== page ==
Larry didn’t have a solution for this woman. But he did have a story. He knew now why he had felt the urge to stop. Eight and a half years earlier, when Larry’s little son was just two years old, Larry’s wife had died of leukemia. He knew what it was to be grief-stricken and confused. He knew what it was to be a single parent. He knew what it was to feel alone and helpless and desperate. And he knew what it was to rely on God for his strength. And so, Larry began sharing the story of how God worked through his grief and anger and loneliness. He shared how God had helped him to be a single parent to his little son. He told her it was a God thing. He didn’t remember exactly what he said, it’s like it came in and went out, a lot like a gift of the Spirit. It’s not necessarily something he thought about and said. It just flowed.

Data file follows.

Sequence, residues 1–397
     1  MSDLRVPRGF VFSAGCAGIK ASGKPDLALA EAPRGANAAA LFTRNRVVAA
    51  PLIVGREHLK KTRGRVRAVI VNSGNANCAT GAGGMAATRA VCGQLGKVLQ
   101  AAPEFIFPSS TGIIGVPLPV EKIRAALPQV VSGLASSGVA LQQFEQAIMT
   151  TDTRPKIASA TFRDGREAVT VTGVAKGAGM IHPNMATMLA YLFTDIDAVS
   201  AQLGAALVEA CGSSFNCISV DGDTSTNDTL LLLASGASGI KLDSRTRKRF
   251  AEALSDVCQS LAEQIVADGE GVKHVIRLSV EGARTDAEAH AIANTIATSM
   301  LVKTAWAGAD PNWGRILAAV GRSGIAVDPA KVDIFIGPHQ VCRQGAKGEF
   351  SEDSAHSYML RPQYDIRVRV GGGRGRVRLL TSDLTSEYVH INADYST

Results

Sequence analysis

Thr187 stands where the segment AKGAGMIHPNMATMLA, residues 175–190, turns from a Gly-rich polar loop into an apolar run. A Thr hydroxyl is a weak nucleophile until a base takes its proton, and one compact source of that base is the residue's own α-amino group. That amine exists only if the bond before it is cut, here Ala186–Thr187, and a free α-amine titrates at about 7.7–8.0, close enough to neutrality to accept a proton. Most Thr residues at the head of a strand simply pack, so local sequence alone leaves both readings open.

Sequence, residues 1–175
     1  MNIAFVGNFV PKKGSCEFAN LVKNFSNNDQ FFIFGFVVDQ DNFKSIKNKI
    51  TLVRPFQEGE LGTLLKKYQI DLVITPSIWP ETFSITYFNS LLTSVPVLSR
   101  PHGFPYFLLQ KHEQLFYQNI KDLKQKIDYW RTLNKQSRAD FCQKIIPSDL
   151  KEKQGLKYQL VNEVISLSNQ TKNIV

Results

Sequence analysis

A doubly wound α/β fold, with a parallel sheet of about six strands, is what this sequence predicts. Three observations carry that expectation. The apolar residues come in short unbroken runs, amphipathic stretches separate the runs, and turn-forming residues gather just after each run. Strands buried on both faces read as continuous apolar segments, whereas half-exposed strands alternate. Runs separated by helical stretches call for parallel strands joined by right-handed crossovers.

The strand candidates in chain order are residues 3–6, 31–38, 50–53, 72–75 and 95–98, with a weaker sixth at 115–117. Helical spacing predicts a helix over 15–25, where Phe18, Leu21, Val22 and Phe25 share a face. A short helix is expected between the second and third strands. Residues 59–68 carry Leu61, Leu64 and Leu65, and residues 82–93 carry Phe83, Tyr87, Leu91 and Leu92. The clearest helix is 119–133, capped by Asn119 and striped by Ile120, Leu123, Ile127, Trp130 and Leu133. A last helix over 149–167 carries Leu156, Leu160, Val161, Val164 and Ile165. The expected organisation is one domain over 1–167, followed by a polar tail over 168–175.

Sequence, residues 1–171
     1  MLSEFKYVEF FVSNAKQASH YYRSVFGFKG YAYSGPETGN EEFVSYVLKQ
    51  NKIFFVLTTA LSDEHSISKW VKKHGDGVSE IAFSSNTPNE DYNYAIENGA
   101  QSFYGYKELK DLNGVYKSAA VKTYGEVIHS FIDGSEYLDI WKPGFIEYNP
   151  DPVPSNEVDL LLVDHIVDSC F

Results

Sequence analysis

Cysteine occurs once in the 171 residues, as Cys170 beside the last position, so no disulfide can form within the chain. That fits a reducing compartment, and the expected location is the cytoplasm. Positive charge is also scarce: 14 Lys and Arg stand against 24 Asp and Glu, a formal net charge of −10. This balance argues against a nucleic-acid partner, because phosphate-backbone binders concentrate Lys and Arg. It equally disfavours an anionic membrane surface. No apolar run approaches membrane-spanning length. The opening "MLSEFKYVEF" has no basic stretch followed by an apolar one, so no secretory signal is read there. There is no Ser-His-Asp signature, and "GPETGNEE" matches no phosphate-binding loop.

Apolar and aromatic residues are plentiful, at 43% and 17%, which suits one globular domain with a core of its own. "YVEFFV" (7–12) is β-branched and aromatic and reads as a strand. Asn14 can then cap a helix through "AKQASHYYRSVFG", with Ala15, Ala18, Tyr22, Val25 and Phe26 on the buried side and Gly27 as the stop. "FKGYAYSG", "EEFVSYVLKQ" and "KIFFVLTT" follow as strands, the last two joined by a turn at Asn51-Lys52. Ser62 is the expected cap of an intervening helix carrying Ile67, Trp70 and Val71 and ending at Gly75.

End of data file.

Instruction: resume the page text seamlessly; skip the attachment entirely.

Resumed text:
Larry sat with the woman while she cried. Then he changed her tire and prayed with her. And when Larry drove away that day, he understood in a new way how God had used his pain to bring comfort and strength to someone else in need.

There’s some pain that needs a solution, and some pain that needs a story. You may never get an answer to your “Why?” So, change the question to “How can God use this?” We ask God for a reason; God gives us a purpose.

In this lifetime, we may never get a solution to our pain. We may never experience healing. We may never see how God is using it. But if we give our pain to God, we can have a new story. It will be the story of how God is glorified in our weakness, not in our strength. God is glorified in our perseverance more than our power. God is glorified more by our attitudes than by our achievements. And God is using our pain to grow us into people who reflect His glory and draw others to Him.

We ask God for a solution; God gives us a story instead. Someone needs to hear the story of God in your life. How can you share it? Not just the shiny, happy parts. God is glorified in the tough parts. The good news is that God can use your bad news to share the good news.

Bethel Lutheran Church

32410 Willowick Drive
Willowick, OH 44095

P: (440) 943-5000